Tom, that is a cool chart! Like a family tree. I would like to see that in poster size.

    jpyle, I bought it from a private party who said he's had it for a few years. I don't know anything about it's history beyond that. The stock looks very good, with very minimal dings, if any. The barrel looks pretty shiny with hardly any pitting that I can see. The two barrel clamps seem to fit a little loose, but other than that it seems like a gem.

    Rufus
     
  14. Jpyle

    Jpyle New Member

    4,828
    0
    0
    Sounds like you're good to go. Many Mosin's are purchased straight out of storage so there is some clean up to do...the previous owner has already done that job for you. Best of luck...post up a range report when you get some trigger time.
     
  15. Chainfire

    Chainfire Well-Known Member Supporter

    5,506
    901
    113
    You will have to be dang careful with that Mosin. I bought my first one two years ago, now I am working of filling my second case of the nasty things. Mosinitis will strike without warning and has been known to empty bank accounts and end marriages.

    Your 91/30 is a fine gun, and you will enjoy it, then you can look for a M-1944.
     
  16. trip286

    trip286 New Member

    18,658
    1
    0
    Rufus, another way to check for counter boring is to simply run a toothpick or bic pen down the muzzle and feel for a defined ledge inside the muzzle. Good luck, I'll bet your gonna love it. My '38 Tula is awesome. I overpaid a little bit I think, but that's really a matter of opinion, as I'm extremely happy with it.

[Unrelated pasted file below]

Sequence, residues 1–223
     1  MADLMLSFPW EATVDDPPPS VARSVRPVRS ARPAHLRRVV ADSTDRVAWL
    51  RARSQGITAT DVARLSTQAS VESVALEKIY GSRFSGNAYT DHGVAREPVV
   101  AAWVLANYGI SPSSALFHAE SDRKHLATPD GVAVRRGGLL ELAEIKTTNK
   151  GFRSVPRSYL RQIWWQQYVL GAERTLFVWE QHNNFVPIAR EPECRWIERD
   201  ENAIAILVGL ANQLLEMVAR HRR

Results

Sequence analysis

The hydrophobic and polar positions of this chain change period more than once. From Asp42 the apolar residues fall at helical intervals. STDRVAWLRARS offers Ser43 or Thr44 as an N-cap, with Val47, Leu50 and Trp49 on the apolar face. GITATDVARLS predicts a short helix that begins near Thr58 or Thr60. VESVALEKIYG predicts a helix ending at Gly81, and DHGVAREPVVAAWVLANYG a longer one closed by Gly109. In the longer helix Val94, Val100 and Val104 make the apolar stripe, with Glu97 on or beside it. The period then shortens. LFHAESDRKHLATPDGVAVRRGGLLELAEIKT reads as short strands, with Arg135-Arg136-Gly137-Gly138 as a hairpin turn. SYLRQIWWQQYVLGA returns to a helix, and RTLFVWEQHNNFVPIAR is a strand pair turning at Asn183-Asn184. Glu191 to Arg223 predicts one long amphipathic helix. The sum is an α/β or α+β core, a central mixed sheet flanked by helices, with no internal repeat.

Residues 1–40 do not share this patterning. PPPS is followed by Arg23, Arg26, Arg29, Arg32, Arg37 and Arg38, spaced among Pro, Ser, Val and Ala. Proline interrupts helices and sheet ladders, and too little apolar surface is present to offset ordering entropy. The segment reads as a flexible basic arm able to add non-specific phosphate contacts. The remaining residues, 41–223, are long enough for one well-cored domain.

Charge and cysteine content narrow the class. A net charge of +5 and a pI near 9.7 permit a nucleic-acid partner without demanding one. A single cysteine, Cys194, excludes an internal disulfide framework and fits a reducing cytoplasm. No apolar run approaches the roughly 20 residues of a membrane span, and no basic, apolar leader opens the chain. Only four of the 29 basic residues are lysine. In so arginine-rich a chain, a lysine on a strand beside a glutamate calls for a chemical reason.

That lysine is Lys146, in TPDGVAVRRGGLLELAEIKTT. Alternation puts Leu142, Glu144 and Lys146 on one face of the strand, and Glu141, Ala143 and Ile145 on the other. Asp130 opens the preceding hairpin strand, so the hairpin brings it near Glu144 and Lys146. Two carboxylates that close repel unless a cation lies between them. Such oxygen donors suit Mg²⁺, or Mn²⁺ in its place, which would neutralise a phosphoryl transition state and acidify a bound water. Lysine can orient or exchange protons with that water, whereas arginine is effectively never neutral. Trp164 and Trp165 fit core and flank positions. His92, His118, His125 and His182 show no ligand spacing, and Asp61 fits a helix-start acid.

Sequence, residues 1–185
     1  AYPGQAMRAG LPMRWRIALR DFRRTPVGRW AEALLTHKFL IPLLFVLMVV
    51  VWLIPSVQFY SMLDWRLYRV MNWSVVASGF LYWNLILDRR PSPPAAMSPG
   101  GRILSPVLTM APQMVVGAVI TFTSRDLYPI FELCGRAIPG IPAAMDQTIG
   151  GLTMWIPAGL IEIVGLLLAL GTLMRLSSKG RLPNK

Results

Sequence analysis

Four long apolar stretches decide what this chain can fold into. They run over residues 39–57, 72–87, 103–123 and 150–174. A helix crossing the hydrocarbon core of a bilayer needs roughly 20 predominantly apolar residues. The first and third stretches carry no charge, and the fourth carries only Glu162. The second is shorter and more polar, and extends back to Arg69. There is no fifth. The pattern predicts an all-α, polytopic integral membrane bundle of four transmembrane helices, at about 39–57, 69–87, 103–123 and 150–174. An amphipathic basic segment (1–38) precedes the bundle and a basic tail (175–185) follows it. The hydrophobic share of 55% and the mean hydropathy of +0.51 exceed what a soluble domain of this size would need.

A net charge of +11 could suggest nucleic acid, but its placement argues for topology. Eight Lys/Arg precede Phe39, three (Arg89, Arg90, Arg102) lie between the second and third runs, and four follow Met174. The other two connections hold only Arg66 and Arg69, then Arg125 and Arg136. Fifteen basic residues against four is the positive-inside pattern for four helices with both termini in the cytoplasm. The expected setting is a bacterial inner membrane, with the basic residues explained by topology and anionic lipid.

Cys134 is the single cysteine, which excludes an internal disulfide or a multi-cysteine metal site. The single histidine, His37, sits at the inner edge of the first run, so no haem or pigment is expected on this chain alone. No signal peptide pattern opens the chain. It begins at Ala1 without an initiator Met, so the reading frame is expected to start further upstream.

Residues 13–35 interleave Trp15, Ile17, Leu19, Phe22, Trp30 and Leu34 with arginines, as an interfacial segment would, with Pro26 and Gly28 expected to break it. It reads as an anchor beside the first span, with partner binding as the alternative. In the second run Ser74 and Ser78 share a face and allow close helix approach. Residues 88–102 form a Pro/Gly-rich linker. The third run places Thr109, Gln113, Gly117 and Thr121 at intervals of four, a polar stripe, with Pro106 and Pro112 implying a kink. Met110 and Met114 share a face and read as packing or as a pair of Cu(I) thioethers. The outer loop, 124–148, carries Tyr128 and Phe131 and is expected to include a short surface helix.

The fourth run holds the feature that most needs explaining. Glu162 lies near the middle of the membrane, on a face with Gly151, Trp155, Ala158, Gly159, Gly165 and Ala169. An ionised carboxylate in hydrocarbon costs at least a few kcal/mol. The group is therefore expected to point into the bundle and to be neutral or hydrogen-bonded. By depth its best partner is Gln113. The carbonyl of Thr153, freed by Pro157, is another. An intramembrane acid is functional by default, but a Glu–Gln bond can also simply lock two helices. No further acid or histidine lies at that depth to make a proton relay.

17. RufusTFirefly

    RufusTFirefly New Member

    127
    0
    0
    Just double checked for counterboring- she's intact!
     
  18. therewolf

    therewolf New Member

    8,409
    4
    0
    I got into Mosins M44 first.

    I started with a Polish 1955 model which needed a complete

    Cosmoline de-gunking, and I liked it so much, I snapped up

    a Russian M44 I found shortly later.

    Then I happened upon this 1933 Tula 91-30 with a hex barrel,

    and all matching serial #s, oh my.

    I'm finding the M44s to be insane fun, and also great truck and

    Boar guns...
     
  19. TheOldMan

    TheOldMan New Member

    1,014
    0
    0
    Chainfire is absulutely correct.. Mosin's seem to breed in my safe as well.. I simply cannot pass by one if I see them at my local shop. Hard to pass up a perfectly fine shooter for $100.. Or even worse if you've got your C&R license like me and can get them for $80..